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Dissecting our impact factor

The papers we published in 2008 and 2009 received on average 29.9 citations each in 2010. However, nearly 30% of them were cited more than 30 times, contributing to roughly two-thirds of the impact factor.

Single-number metrics such as the impact factor are useful, yet often simplistic. Although very relevant to librarians, publishers and scientists alike — especially when facing decisions constrained by shrinking budgets or career prospects — a journal's impact factor is only an averaged account of the citations to its content. To provide you readers with a nuanced view of the impact1,2 of our authors' papers, in this Editorial we delve into the 2010 impact factor of Nature Materials.

The average of a normally distributed variable is the value that occurs most frequently (in statistical terms, the mode). But this is of course not true in the skewed distribution of a journal's received citations, which are known to approximately follow a Pareto probability distribution — also known in bibliometrics as Bradford's law3. The Pareto distribution is a power-law function characterized by a long tail — in this context a long tail of highly cited papers — and it is commonly used to explain income distributions or stock-market returns, for example. The fact that the mode of a long-tailed distribution strongly differs from the average is apparent in the histogram of citations for Nature Materials shown by the black bars in Fig. 1. Whereas the impact factor — the average — is approximately 30, the most frequent number of citations per paper is roughly 7.

Figure 1: Distribution of citations, received in 2010, to papers published in Nature Materials in 2008 and 2009.
figure 1

The bars indicate the percentage of papers (numbers in black) per intervals of citations per paper (0–4, 5–9 and so on). The cumulative number of papers (light red) and citations (dark red) are shown as percentages (vertical axis; numbers in red) of their totals. Data source: Thomson Reuters Web of Science4. Citation data from Web of Science slightly differs from that of Journal Citation Reports — used to calculate the impact factor — as a result of differences in indexing and citation windows5.

Cumulative data (red curves in Fig. 1) paint yet a more revealing picture: 16% of the papers we published in 2008–2009 contributed to half of the citations received in 2010 (and thus to half of the impact factor), and half of the papers we published in the same period acquired 17% of the citations. Similarly, roughly 30% of the papers we published contributed to two-thirds of the impact factor.

Review articles typically collect more citations than research articles, and therefore journals that publish reviews often lift their impact factor. At Nature Materials, out of the 263 research papers that we published in 2008–2009, 19 were reviews, which contributed to 17% of the citations. Citations to news pieces and editorial content — which only supplement the impact factor's numerator — summed 5.4% of the total in 2010. (Note that in Fig. 1 we show only citations to papers, and thus the curve for the cumulative citations misses 5.4 points to reach 100%.)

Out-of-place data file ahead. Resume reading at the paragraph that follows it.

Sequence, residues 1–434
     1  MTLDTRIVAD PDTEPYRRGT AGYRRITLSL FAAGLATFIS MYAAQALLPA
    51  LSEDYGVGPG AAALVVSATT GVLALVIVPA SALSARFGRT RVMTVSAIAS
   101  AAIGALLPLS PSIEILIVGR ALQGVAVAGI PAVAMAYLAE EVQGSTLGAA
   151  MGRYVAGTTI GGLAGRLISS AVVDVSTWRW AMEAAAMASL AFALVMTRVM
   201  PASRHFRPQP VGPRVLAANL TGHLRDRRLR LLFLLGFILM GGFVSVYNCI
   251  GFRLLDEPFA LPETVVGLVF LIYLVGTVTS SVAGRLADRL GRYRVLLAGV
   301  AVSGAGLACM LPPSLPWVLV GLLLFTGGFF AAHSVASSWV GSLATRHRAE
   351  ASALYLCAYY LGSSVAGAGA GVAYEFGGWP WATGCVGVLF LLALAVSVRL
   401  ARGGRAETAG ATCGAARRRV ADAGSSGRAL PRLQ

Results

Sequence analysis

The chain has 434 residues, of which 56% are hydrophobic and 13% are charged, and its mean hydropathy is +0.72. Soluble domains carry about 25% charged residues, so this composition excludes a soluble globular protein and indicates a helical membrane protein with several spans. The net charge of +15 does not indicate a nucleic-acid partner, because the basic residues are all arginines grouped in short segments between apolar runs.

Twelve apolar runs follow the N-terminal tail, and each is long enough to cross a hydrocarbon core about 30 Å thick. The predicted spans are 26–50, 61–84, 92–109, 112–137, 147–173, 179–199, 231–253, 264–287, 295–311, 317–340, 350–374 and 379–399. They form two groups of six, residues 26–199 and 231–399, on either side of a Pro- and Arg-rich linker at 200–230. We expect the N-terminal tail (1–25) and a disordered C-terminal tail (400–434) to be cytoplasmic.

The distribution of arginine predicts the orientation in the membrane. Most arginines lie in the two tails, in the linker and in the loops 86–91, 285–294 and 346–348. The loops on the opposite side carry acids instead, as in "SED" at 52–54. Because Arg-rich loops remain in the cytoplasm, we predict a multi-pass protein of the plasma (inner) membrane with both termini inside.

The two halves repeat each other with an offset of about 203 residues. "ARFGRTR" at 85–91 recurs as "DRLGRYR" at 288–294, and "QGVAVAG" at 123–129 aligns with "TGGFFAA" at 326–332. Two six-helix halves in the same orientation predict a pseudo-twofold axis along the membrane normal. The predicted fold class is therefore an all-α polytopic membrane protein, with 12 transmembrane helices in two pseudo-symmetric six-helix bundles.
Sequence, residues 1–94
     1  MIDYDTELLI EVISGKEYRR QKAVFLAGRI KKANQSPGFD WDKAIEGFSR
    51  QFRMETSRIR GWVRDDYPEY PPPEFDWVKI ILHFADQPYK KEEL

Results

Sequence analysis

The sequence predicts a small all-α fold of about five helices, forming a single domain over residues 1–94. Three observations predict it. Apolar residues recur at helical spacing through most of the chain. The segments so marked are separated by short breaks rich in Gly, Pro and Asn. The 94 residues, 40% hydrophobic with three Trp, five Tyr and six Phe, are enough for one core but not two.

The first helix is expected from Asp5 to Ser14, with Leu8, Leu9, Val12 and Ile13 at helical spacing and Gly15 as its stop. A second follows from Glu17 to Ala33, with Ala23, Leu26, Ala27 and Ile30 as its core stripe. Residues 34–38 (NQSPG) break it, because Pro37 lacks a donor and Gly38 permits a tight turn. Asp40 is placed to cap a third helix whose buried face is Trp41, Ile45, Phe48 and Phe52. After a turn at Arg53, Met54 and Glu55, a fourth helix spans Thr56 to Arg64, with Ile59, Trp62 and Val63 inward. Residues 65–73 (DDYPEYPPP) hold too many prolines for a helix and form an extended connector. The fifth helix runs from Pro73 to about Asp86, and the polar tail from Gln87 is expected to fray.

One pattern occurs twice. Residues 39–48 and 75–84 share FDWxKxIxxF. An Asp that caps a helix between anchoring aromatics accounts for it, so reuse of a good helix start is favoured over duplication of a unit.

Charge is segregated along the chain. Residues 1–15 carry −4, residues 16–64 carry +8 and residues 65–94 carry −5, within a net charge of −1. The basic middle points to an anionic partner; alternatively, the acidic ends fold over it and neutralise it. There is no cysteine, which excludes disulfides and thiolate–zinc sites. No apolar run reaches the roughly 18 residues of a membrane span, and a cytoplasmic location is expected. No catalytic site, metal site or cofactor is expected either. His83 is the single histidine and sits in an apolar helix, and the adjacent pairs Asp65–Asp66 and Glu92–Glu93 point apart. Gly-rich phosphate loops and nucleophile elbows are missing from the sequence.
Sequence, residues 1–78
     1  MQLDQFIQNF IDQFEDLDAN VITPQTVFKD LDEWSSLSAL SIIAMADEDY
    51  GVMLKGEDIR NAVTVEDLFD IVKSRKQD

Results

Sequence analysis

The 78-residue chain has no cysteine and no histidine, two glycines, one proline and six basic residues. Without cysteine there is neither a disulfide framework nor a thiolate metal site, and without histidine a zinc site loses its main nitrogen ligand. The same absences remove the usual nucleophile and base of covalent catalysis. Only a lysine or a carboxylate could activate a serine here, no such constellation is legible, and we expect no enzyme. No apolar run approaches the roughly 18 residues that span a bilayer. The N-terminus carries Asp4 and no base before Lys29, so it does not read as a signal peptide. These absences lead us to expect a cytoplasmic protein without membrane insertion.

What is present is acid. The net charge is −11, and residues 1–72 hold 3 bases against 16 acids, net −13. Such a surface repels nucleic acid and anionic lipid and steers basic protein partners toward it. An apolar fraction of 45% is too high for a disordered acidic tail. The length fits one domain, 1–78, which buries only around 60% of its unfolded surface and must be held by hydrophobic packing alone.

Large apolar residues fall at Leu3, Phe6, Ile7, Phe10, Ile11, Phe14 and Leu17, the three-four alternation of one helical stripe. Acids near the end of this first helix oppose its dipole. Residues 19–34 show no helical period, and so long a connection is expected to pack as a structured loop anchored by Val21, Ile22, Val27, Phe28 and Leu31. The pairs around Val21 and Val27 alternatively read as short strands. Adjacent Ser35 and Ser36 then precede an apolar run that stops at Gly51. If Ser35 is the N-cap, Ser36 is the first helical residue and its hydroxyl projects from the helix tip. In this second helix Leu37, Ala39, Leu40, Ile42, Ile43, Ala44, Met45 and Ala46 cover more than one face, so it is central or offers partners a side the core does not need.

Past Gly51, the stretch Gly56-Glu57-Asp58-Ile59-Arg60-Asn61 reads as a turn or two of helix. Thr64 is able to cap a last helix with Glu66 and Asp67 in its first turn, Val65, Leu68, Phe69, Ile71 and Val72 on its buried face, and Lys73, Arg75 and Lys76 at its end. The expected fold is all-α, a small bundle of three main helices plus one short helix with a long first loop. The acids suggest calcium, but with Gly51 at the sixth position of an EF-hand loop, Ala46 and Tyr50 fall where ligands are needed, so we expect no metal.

Of course, different fields exhibit different citation patterns. For multidisciplinary journals, therefore, excessive focus on capturing the highly cited works in the long tail of the distribution could eventually tarnish the readers' perceptions of a journal's stance. On one hand, the bare number of short-term citations a paper receives is in some instances a mediocre proxy for the quality of the work. On the other hand, a journal's inflow of potentially highly cited papers could easily be volatile, as such papers tend to be few in number and often belong to selected trendy topics. At Nature Materials we are pleased by the variety of fields covered in the 6 reviews and 17 research articles constituting our long tail — here arbitrarily defined by the papers published in 2008–2009 with each receiving 60 or more citations in 2010 — in subject areas such as photovoltaics, multiferroics, spintronics, graphene, metamaterials and biomaterials, to mention a few.

Obviously, journals with a broad multidisciplinary audience are likely to publish highly cited papers that strengthen the long tail. However, in our opinion the long tail is only one trait — and not the main trait — of the complexion of Nature Materials. Actually, the shape of the cumulative curves and the histogram of citations, in particular the weight of the 'middle zone' — say, between one and two times the impact factor — may provide further clues about the nature of a journal. In fact, we are glad of the tall and paunchy shape of the histogram of citations in Fig. 1. In other words, we published a large number of papers that have been cited at a slower pace (the tall bars), as well as papers that have already collected a moderate amount of citations (the 'middle zone'). Topics include, for example, crumpling, granular materials, phase-change materials, hydrogels and glassy dynamics.

Citation metrics significantly affect how journals are assessed and perceived, and we hope that the overtones of the impact-factor song here discussed provide a more subtle sketch of the character of Nature Materials, as well as of the impact of our authors' papers according to citation numbers. And irrespective of post-publication metrics and potential citations, we will continue to do our best at publishing your most scientifically outstanding work in all areas of materials science.


  1. Nature Mater. 10, 477 (2011).

  2. Nature Mater. 3, 495 (2004).

  3. Brookes, B. C. Nature 224, 953 (1969).

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Dissecting our impact factor. Nature Mater 10, 645 (2011).

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